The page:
When I told my chair, Cheryl McMillan, that Vistage had helped put millions in my pocket, she suggested I write a testimonial about it. Here goes.
First, it definitely did that. Meeting monthly with 10 to 20 fellow CEO’s absolutely gave me more assurance when I faced difficult decisions. Where else can you get that much quality time with other entrepreneurs/business owners? They were in different industries, and some were more useful than others. As fellow business leaders, though, they all faced similar problems.. My bottom line increased every year from 2004 to 2010, including during the “great recession,” and many ideas that I ran by my fellow Vistage members helped me do this. I recently sold m company for much more than I had ever thought possible, in a large part because of this help from my Vistage membership.. But my rewards from my Vistage membership went well beyond the money.
The networking was fantastic. When I wanted to sell my company, fellow Vistage members steered me to the best local people to advise me about ESOPs, management buyouts, private equity buyers, etc. The Vistage Village web site was also valuable. When I was buying new factories, I ended up learning from remote Vistage members about specific issues like how vapor degreasers can cause millions of dollars of pollution cleanup. I could get answers from Vistage for almost any business question.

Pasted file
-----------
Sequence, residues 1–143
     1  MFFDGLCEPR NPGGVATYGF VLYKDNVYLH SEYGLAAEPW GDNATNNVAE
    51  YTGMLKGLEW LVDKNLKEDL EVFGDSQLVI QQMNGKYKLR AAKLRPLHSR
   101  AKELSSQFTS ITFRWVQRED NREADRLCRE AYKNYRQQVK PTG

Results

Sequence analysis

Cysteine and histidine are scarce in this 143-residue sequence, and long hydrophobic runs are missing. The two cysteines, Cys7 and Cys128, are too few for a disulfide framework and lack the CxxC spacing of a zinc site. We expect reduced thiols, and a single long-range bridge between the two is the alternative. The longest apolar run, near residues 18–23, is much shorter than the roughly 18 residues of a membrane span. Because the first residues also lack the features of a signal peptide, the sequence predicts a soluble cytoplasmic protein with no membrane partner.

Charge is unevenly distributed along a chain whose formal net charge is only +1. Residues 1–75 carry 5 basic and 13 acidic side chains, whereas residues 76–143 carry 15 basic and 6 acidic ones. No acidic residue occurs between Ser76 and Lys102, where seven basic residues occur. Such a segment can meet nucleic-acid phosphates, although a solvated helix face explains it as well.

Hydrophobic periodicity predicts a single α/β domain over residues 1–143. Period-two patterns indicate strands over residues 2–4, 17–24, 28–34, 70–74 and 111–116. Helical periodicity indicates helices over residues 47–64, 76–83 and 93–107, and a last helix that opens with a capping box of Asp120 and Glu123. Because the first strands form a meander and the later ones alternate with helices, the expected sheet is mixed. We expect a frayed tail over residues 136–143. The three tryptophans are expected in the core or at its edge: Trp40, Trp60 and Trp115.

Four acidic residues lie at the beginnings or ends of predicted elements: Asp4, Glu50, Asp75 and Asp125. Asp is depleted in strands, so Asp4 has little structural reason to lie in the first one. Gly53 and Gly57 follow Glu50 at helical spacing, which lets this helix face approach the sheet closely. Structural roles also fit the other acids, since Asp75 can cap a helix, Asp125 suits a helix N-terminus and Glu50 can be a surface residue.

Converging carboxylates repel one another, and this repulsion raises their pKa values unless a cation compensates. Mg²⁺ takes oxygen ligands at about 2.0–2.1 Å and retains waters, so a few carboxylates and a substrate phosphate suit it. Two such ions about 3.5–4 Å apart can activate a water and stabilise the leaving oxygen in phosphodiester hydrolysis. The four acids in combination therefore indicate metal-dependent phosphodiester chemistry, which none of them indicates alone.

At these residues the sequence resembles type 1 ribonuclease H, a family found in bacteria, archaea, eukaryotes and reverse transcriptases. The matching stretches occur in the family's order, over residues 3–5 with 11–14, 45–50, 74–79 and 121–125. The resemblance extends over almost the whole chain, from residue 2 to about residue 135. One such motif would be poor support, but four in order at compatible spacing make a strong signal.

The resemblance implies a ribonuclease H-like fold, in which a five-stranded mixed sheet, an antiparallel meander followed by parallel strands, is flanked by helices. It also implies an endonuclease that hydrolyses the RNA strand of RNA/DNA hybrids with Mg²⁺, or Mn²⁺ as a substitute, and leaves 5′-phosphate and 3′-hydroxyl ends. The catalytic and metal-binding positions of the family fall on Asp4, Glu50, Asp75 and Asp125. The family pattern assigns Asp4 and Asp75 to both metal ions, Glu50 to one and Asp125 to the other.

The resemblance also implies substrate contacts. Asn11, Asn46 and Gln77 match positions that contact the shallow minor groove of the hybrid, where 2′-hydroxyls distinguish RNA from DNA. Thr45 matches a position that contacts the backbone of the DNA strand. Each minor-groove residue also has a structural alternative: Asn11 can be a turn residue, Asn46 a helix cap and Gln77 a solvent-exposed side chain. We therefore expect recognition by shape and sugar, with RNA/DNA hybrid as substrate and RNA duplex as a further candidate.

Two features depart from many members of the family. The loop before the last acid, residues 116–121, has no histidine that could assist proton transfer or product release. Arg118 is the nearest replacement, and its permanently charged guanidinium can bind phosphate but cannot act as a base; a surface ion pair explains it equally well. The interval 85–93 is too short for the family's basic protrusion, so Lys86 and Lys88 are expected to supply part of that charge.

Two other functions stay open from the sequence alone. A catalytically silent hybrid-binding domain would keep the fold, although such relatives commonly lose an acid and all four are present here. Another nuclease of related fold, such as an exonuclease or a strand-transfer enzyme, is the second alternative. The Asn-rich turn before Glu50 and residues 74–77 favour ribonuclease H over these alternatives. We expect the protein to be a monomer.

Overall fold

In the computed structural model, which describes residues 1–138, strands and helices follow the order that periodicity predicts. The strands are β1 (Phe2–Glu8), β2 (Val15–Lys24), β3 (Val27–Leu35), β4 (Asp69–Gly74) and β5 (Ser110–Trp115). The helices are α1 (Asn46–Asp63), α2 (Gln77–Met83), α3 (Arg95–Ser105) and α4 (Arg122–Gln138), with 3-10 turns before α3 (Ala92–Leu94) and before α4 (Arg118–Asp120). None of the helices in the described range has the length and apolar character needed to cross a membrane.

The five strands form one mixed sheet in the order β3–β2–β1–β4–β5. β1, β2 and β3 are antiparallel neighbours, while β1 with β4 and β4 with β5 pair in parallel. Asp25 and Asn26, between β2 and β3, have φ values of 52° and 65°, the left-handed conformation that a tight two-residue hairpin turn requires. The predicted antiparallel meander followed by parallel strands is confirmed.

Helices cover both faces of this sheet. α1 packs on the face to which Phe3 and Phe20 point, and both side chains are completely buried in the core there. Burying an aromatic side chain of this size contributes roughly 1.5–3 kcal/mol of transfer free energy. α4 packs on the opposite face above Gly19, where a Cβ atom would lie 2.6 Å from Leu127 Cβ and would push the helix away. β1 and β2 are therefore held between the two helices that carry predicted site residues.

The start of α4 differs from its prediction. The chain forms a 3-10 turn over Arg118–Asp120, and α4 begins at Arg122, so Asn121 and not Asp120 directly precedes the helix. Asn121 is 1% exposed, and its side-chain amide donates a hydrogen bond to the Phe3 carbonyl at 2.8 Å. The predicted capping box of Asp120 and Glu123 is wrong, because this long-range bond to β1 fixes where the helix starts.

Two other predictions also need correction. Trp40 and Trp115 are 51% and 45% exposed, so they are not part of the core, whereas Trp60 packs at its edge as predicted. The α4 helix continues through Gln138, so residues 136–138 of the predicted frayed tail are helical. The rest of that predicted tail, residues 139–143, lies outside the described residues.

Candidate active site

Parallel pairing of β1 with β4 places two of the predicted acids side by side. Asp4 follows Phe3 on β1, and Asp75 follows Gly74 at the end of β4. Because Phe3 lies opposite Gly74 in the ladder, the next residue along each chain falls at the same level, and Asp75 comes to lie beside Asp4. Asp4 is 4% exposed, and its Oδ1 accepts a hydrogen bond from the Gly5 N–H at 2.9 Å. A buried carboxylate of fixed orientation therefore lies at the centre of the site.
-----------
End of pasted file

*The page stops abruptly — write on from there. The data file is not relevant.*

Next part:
I especially enjoyed my one-to-one meetings with my Vistage Chair, Cheryl McMillan.. I learned to prepare for these. It forced me to regularly think about the most important things I had to worry about, distasteful as that might have seemed at the time. Finally, there were the speakers. Most provided valuable advice. They improved the way my company approached such things as recruiting, pay, key performance indicators, goals, Board memberships, banks, and practically everything else.
So exactly how does Vistage make one’s company more valuable? I don’t think it’s anything specific. It forces you to think about your company strategically,. Eventually I conquered the “tyranny of the urgent.” I learned to compare notes with my peers. These contacts and Vistage process allowed me to gain valuable information more quickly , more easily, and less expensively.
And as I learned more about my fellow members’ companies, I was able to help them too.